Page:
Lifestyles play an important part in predicting cardiovascular disease (CVD) and diabetes risk, although prevention services have to cope with fewer resources in some countries. Lifestyles help explain variations in CVD and diabetes across OECD countries. looks at the health promotion and public health contribution to maintaining healthy lifestyles in OECD countries. It examines recent trends in obesity, tobacco and alcohol consumption, and physical exercise. This chapter outlines policies that health systems have introduced recently to combat unhealthy lifestyles such as tobacco consumption and high salt intake and to promote physical activities in adults and children in order to reduce overweight and obesity. It also benchmarks OECD countries in relation to their CVD and diabetes lifestyle rankings.

  • Improved control of cardiovascular disease risk factors and diabetes: The central role of primary care

    The importance of primary care is increasing in managing cardiovascular disease (CVD) and diabetes. focuses on the role of the primary care system and its ability to diagnose and control common CVD-related risk factors. It examines the strengths and weaknesses of primary care across countries by looking at the resources available, its accessibility, and quality. It includes data on prescribing patterns for diabetic patients and the rates of CVD and diabetes-related hospital admissions that are largely avoidable through proper primary care management. The chapter assesses country performance on the basis of its relative incidence of high blood pressure and cholesterol levels, avoidable hospital admissions, and quality prescribing and diabetes-related complications. It also examines primary care quality initiatives taking place across countries such as integrated and co-ordinated care, strengthening information systems for performance monitoring and pay-for-performance.

  • Improving acute cardiovascular care quality and access

    Even with the best efforts in cardiovascular disease (CVD) prevention and risk-factor management through primary care, many people will still require immediate medical attention or hospitalisation to treat an acute CVD event or diabetes complication including strokes, heart attacks and cardiac arrests. describes advancement in acute treatment of people with a CVD event, and cross-country variation in available resources and accessibility to timely and specialised treatments for acute CVD episodes and diabetes complications. It examines the use of procedures such as bypass surgery and other coronary interventions and also shows recent trends in acute care quality for stroke and heart attack. It then highlights some of the major reforms that countries have put in place at both national and local levels to improve the full pathway of acute care services by bringing care into line with best practice standards in CVD treatment.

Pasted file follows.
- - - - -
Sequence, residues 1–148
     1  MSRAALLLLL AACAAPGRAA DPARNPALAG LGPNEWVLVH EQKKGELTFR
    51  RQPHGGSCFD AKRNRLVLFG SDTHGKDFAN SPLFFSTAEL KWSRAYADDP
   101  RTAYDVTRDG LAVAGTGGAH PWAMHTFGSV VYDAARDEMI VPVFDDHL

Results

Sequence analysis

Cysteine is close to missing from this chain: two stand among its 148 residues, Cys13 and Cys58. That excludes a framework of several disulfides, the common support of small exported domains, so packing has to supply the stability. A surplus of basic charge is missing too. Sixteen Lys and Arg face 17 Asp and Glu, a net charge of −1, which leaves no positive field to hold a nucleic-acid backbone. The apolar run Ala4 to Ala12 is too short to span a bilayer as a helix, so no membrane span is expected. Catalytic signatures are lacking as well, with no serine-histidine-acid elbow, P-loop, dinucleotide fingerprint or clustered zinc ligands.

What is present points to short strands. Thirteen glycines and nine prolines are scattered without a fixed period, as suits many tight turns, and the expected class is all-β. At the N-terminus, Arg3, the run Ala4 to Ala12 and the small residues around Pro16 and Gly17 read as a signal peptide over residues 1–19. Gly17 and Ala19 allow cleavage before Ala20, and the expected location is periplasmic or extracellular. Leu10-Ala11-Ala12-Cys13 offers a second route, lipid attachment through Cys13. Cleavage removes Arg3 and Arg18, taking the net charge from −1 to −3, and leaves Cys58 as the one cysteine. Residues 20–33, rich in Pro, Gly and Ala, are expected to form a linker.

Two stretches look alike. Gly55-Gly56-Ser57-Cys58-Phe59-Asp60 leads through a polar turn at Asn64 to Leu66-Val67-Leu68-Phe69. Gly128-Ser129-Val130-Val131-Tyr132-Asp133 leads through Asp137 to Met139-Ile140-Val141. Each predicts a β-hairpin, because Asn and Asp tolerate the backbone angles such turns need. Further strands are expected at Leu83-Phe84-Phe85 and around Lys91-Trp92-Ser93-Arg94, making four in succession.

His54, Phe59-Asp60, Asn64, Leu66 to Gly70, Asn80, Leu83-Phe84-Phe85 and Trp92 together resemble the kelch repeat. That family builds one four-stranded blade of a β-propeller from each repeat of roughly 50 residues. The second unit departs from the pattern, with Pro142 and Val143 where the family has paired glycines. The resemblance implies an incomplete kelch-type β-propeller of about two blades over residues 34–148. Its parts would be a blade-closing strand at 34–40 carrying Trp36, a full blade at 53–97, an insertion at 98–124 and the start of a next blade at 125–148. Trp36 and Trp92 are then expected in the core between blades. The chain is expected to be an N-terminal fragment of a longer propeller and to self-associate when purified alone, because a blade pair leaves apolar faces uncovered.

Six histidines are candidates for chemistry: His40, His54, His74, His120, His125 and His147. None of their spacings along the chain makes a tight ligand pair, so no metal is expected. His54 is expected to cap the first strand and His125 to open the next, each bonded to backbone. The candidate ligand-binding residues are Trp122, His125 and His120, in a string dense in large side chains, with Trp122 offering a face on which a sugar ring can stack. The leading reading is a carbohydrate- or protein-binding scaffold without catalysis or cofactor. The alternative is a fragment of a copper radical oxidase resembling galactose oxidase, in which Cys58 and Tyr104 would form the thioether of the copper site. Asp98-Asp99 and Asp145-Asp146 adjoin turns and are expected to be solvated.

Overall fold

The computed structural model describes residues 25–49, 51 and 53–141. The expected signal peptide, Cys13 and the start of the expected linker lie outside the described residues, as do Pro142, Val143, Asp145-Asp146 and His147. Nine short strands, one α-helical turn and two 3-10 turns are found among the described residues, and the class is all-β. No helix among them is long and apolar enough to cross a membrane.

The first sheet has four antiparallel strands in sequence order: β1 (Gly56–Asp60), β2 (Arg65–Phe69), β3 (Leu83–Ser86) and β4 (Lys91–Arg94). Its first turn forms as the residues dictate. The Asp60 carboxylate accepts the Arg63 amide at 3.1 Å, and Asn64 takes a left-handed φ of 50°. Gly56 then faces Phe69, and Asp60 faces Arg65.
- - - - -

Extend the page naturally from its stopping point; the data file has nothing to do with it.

• Acute care cardiovascular disease: Examining hospital performance

    This report has primarily focused on a descriptive analysis of how countries compare with respect to CVD outcomes and health care access, resources and quality. seeks to develop a better understanding of how health system characteristics and policies can influence the relationship between the health system’s inputs and outcomes. It presents the analytical results on how countries have performed in improving the quality of acute care by focusing on 30-day case-fatality rates for both heart attack and stroke. It examines the relationship between the deployment of health care resources such as financial resources and medical equipment and improvements in the quality of acute care. This analysis examines whether this relationship varies across countries. Importantly, it also looks at the role of specific health system characteristics and policies to determine their importance in explaining cross-country variation in the quality of CVD acute care.

  • Adherence to recommended cardiovascular care in OECD health systems

    Despite the potential for practice guidelines to improve health care outcomes, there is evidence that they are adopted too slowly or are applied inconsistently within and across countries. The lack of adherence to recommended clinical practice can have adverse effects on patient outcomes as well as higher health care costs. reports on the analysis of the European Society of Cardiology’s long-term registry of heart failure. It examines cross-country and within-country variations in recommended heart failure practice and analyses whether the degree of adherence can be explained by health system characteristics and policies across countries.

  • Add to Marked List
 
Visit the OECD web site